Manchester City Council have assisted the club currently playing out on a limb at Bury, but fans need to double the £250,000 they’ve raised so far before work starts. The rest will be funded by grants and a community shares issue to raise money towards the expected £3.5 million total.

Getting their own place is the absolute priority for FC, who are currently paying Bury around £5,000 a game to stage matches, thus limiting their weekly players’ wage bill to £1800, the fifth lowest in the league.

In 2006, FC announced the bold aspiration of reaching average attendances of 5,000 in 2009. That didn’t happen, but a hardcore of 2,000 still gives them higher average crowds than several Football League clubs.

Back at Guiseley, there was a large police presence for a non-league game after some Leeds hooligans turned up at the equivalent fixture last season. There were no such problems this time, not that we hung around.

A trip over the Pennines via Burnley saw us arrive at Ramsbottom United’s picturesque home on the banks of the River Irwell.

Daffodils were in bloom behind the goal, while old trains ran along the valley towards Bury on the restored East Lancashire railway.

St David's Day was big in Ramsbottom

A crowd of 180 – not bad for a level nine game – saw league leaders Newcastle Town race into a 4-0 lead by half time as they collected their 100th point of the season.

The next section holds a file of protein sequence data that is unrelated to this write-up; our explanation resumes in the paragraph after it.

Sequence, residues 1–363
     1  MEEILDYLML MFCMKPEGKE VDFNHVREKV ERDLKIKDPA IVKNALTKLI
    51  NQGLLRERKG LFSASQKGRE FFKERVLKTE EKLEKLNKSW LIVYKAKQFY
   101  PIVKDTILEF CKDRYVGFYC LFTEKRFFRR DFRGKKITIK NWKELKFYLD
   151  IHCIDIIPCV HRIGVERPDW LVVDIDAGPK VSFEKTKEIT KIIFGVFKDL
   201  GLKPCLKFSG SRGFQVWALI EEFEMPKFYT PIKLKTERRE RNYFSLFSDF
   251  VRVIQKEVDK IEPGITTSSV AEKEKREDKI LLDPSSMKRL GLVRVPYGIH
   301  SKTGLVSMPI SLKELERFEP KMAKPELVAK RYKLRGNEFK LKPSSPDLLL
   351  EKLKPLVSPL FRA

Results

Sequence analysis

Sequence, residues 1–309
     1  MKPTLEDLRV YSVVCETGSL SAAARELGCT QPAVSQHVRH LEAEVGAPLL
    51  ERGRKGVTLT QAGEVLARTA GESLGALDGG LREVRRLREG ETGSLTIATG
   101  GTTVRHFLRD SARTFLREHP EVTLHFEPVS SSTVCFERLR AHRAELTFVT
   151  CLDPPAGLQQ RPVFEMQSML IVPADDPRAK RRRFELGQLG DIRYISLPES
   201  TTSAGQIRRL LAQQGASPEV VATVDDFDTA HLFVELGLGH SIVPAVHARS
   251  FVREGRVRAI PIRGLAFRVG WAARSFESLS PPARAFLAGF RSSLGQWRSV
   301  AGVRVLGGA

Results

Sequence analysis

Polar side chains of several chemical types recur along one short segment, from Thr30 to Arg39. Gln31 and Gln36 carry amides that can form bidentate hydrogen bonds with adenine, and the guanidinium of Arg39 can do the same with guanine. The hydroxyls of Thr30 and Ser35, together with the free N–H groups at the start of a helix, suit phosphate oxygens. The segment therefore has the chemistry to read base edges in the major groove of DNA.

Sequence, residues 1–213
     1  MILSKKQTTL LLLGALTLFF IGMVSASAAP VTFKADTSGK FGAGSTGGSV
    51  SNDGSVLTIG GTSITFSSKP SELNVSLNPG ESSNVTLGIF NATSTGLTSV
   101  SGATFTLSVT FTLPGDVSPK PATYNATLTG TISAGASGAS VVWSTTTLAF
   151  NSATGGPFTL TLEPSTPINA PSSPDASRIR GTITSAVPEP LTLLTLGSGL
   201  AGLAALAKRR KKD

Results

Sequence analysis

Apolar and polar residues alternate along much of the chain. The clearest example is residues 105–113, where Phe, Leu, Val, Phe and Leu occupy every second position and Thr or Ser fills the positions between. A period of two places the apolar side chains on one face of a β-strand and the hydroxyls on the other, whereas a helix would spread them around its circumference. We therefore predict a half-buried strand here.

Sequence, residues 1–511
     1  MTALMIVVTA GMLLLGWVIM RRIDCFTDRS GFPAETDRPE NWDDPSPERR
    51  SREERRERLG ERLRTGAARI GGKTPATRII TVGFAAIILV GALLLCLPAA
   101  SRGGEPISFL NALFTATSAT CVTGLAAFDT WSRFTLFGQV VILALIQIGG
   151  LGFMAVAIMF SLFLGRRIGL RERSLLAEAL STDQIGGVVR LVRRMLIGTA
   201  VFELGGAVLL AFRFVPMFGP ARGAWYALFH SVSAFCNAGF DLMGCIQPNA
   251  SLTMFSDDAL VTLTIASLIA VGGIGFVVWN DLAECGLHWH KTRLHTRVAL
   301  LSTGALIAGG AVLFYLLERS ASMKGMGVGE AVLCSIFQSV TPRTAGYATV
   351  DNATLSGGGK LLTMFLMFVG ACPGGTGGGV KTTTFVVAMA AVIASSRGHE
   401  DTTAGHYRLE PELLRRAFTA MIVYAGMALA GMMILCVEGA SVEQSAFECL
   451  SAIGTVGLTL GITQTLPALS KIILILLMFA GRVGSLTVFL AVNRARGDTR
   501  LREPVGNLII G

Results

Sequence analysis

The Ramsbottom officials were friendly, the football of decent quality in the weak Lancashire sun and pie and peas cost £1.10.

The Newcastle goalkeeper even struck up a conversation in which he explained – in his thick Stoke accent – that the key to his side’s success was nothing more than team spirit.

True, but I spotted at least two players who could play three levels higher. 

We missed the end of that match as we had to make Bolton against United. A drive on the West Lancashire moors past Gary Neville’s hamlet (he wants planning permission to build an eco-friendly underground lair which the local press have dubbed ‘The Teletubbies house’) towards the Reebok.

The 4-0 score line was not reflective of a game in which Bolton played very well in the first half. However, United’s class and sublime skill from Nani and Berbatov made it four.

It was good to see that Bolton have made sensible adjustments to their pricing - my £27 ticket was less than the same seat five years earlier.